Although the Second Amendment provides protection of the right to own firearms, the state of Nevada has imposed many restrictions on what a person can lawfully do with firearms. Chapter 202 of Title 15, the part of Nevada’s law that defines offenses against public safety, establishes certain behaviors as illegal because the conduct is considered to be a risk to public health. Weapons offenses are defined within Chapter 202, which contains several categories of crimes related to weapons.
One of the offenses within Chapter 202 relates to the sale of firearms to minors. This offense is a serious offense that carries harsh penalties, so it is important to understand exactly what is prohibited and exactly what a prosecutor is required to prove in order to secure a conviction.
LV Criminal Defense can help. Our legal team works with defendants accused of many different types of violations of Chapter 202. We can represent you if you have been accused of any violation of the laws aimed at preventing crimes against public health and safety, including laws related to the sale of firearms to minors. To find out more about the assistance our Nevada criminal lawyers can provide to you, give us a call today.
The statute that prohibits the sale of firearms to minors is Nevada Revised Statute section 202.310. According to the relevant law, it is illegal to sell a pistol, revolver, or firearm that is capable of being concealed on the person to a child who is under the age of 18. It is also illegal to barter with a child who is under the age of 18 for a weapon or a firearm.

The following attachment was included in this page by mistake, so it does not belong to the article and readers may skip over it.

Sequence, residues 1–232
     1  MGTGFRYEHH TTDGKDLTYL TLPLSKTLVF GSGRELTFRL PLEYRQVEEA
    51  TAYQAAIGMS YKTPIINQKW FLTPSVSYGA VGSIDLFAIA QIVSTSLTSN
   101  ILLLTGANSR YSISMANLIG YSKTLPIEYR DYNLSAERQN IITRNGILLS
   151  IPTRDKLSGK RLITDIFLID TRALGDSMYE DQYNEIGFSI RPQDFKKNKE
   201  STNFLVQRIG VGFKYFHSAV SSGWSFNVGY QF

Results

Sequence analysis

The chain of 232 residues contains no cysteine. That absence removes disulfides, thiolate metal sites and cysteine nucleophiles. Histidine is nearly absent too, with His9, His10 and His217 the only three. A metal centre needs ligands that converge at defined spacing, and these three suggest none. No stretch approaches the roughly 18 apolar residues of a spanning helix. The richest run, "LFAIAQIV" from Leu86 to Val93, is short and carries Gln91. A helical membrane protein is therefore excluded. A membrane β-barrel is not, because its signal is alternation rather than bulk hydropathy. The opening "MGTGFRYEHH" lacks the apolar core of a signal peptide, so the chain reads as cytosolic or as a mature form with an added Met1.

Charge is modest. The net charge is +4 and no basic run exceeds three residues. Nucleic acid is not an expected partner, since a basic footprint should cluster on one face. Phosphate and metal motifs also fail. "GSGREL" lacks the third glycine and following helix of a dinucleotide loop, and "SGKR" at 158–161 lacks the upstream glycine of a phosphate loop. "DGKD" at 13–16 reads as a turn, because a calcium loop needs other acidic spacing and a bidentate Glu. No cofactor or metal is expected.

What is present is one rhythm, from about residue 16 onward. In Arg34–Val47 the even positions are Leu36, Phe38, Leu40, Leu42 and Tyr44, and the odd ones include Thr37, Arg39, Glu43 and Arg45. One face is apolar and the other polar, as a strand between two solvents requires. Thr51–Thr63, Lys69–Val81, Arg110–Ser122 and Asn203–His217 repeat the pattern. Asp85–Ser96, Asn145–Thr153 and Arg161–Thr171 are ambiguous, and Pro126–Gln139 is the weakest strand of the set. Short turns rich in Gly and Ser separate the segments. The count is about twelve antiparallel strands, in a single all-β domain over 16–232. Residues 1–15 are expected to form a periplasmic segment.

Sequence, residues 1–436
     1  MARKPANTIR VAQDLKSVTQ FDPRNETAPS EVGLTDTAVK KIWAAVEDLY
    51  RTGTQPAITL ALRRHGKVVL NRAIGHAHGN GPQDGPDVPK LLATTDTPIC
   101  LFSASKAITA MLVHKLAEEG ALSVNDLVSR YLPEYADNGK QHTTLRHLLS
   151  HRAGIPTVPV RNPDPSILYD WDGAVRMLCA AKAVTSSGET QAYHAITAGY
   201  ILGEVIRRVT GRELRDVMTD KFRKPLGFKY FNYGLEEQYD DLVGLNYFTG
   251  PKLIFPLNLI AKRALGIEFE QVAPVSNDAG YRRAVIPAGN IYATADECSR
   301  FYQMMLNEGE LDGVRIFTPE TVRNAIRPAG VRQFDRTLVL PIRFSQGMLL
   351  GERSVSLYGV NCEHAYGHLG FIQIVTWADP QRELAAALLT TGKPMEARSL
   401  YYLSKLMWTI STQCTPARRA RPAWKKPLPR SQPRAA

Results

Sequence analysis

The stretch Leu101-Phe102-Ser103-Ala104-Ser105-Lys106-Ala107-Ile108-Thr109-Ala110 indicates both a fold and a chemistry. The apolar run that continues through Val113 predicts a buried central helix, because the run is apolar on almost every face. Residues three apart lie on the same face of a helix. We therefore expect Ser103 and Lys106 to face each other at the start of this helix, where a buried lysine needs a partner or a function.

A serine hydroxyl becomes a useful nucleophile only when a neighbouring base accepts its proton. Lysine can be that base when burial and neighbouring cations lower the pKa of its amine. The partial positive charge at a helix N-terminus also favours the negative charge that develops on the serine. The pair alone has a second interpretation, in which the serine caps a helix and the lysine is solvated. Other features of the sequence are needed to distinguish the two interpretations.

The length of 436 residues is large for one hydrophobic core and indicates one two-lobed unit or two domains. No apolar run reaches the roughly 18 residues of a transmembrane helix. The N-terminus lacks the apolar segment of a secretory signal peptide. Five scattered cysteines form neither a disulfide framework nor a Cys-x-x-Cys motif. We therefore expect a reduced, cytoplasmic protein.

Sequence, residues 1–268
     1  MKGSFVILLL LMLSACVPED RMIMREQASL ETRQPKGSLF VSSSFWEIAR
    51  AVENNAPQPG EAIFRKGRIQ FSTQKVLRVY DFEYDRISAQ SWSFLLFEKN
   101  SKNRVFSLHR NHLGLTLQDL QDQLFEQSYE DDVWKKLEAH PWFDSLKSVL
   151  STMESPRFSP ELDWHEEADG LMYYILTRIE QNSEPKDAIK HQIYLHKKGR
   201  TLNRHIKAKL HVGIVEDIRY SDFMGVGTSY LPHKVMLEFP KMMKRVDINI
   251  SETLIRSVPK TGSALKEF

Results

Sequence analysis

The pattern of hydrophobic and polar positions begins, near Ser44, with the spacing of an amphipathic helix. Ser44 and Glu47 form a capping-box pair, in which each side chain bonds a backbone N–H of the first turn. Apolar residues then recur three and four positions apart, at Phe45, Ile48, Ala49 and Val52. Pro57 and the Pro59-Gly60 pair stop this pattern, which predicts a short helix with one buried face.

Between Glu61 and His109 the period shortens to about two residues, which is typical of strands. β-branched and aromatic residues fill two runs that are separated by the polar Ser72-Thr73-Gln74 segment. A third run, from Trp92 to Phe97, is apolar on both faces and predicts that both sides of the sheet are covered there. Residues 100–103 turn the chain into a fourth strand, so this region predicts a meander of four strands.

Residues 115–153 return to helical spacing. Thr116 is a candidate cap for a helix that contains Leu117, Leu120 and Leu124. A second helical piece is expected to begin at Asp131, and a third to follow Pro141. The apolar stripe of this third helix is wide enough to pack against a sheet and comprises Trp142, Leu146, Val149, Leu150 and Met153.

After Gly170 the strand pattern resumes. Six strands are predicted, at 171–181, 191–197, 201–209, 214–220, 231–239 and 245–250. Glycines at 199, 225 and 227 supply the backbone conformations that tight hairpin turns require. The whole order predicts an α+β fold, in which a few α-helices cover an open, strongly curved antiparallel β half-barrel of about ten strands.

A defendant can be convicted of this offense if the individuals act with reckless disregard regarding the age of the child who the firearm is sold to, or if the individual has actual knowledge or any reason to know that the child is under the age of 18.
If a defendant unlawfully sells a prohibited firearm to a child who is under the age of 18, the defendant can be found guilty of a Category B felony. The defendant could be punished with a minimum of one-year imprisonment and with a maximum prison term of six years in prison. The defendant could also face a fine of up to $5,000 in addition to the prison sentence.
Because the statute specifies a minimum prison term of a one year period of time, this gives little opportunity for leniency after a defendant has been convicted of selling a prohibited firearm to a minor. As a result, fighting conviction becomes vital if you do not want to end up facing jail time as a result of allegedly selling a weapon to a person who is under the age of 18.
Nick Wooldridge has a long track record of representing clients accused of serious federal and state crimes in Nevada.
When you have been accused of the sale of a firearm to a minor, you are facing a felony charge which means not only do you have to worry about prison time, but you could also be left with a felony on your record. This could affect career opportunities in the future and could affect your right to own a gun after conviction.
You need to be assertive in developing a smart legal strategy aimed at avoiding the harsh consequences associated with being convicted of selling a firearm to a minor.
LV Criminal Defense is here to help. Our Vegas criminal defense team has provided representation to many defendants accused of weapons offenses, as well as to defendants accused of all different types of criminal behavior made illegal by Chapter 202 or by other provisions of Nevada’s penal code. To find out more about how our firm can help you to fight charges, give us a call today.